Prince Harry voicemails were already intercepted as early as February 2001, while he was preparing for his GCSE exams, a whistleblower’s interview with Byline Investigates has revealed. Glenn Mulcaire, a private investigator who previously served a six-month prison sentence over a hacking scandal involving Rupert Murdoch’s News of the World, said that he carried out the illegal penetration into the Duke of Sussex life as he was instructed to dig out a story about the royal’s alleged consumption of drugs and alcohol.
“As the lead investigator, I was tasked by Greg Miskiw [former news editor of News of the World] to forensically gather as much intelligence about Prince Harry’s activities in the nocturnal hours, with a view to enhancing the newspaper’s ‘project’”, Mulcaire revealed. “The instruction was to monitor communications and to identify any references to drugs”.
The former resident of UK’s Belmarsh prison explained that he used an “investigating profiling technique” to illegally access customer accounts by “cloning” the identities of staffers from mobile companies. According to Mulcaire, he was then able to listen into voicemails, including those possibly “left by Harry and his friends”.
Since his imprisonment back in 2007 for illegally intercepting phone messages from Clarence House, Mulcaire has emerged as a prominent whistleblower into the News of the World’s hacking activities. During his interview with Byline Investigates, Mulcaire said that the “project” into searching for traces of 16-year-old Prince Harry’s alleged drug consumption was driven by Rebekah Wade, now Brooks, the editor of News of the World at that time.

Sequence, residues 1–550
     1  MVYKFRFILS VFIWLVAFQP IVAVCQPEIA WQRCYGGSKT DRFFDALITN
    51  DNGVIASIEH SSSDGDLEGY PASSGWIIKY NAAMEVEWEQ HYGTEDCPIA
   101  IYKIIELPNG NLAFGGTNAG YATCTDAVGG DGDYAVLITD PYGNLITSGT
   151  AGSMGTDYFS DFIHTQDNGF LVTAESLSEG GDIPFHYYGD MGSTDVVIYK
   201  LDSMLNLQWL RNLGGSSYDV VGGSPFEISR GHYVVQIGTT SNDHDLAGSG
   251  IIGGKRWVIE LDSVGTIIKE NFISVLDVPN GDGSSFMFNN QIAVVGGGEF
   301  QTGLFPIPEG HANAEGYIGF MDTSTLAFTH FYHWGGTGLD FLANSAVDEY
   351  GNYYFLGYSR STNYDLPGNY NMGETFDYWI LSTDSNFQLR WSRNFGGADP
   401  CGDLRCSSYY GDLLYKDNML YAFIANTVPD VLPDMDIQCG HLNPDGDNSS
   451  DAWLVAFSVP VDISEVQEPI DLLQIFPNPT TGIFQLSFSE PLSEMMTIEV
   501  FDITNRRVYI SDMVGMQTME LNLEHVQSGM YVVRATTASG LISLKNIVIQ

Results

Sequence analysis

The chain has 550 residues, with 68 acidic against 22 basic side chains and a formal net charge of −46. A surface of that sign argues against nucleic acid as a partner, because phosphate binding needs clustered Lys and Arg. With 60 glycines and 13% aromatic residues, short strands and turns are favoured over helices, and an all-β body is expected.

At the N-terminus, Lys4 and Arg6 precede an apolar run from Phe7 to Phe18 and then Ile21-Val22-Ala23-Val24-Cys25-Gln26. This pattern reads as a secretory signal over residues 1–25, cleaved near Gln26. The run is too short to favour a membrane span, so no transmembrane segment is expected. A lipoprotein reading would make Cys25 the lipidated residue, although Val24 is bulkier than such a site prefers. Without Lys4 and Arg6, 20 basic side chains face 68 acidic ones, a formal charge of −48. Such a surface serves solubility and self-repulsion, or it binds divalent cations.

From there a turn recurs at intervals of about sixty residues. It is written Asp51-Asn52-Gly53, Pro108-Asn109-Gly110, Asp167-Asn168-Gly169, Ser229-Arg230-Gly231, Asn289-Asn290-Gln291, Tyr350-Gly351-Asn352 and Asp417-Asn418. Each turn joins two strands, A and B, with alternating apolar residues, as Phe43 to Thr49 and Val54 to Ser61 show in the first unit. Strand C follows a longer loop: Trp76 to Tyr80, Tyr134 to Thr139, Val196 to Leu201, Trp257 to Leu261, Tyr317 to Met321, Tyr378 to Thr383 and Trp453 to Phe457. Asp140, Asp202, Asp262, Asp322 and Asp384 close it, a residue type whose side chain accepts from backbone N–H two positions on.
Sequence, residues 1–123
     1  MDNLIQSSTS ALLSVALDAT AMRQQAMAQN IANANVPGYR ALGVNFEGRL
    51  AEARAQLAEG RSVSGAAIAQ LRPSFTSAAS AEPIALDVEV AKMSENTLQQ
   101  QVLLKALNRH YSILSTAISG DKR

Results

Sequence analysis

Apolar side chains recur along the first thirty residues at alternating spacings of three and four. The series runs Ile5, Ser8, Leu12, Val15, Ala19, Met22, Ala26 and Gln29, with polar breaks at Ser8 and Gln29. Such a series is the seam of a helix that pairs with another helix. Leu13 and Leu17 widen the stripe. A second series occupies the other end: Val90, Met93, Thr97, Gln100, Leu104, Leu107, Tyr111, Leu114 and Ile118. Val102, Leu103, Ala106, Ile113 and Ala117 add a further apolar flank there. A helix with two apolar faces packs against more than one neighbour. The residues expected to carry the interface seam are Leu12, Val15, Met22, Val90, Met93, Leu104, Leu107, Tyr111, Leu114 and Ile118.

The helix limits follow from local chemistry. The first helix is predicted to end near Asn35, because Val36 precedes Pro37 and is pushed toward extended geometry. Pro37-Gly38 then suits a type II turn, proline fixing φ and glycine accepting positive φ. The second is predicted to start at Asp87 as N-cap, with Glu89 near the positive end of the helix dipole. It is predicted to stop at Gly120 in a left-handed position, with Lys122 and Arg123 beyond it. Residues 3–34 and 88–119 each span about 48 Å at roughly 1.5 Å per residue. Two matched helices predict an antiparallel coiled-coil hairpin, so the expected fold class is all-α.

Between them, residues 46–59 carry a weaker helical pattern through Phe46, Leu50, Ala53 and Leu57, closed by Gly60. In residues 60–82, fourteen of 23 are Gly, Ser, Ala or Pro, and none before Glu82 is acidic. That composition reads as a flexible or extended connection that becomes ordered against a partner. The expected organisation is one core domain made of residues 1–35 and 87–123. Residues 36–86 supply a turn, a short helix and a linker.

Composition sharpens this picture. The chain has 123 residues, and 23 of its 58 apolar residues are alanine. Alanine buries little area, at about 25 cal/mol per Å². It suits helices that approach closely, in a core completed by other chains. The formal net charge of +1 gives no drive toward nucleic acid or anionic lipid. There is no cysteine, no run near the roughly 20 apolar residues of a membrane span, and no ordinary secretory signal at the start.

Brooks, who is now the CEO of Rupert Murdoch’s News UK, was probably not satisfied with the results of the investigator’s illegal probe.
“Rebekah won’t have liked the results of the fishing expedition”, the whistleblower explained. “There was no evidence that Prince Harry was using drugs, soft, hard or otherwise.”
Brooks herself was cleared of all charges in relation to the News International phone hacking scandal, that featured allegations relating to the interception of phone messages from Prince Harry’s brother, Prince William and other members of the royal families and their aides from 2005 onwards. But it now looks like the illegal intrusion started much earlier than initially thought.
Last October, Prince Harry announced that he would be suing the owners of the Sun and the Daily Mirror over presumed hacking into his phone and private messages that go way back to the 2000s. These steps were closely followed by his wife, Meghan Markle, who is currently pursuing legal action against Associated Newspapers, which owns the Mail On Sunday and the Mail Online, over breaches of privacy and misuse of information.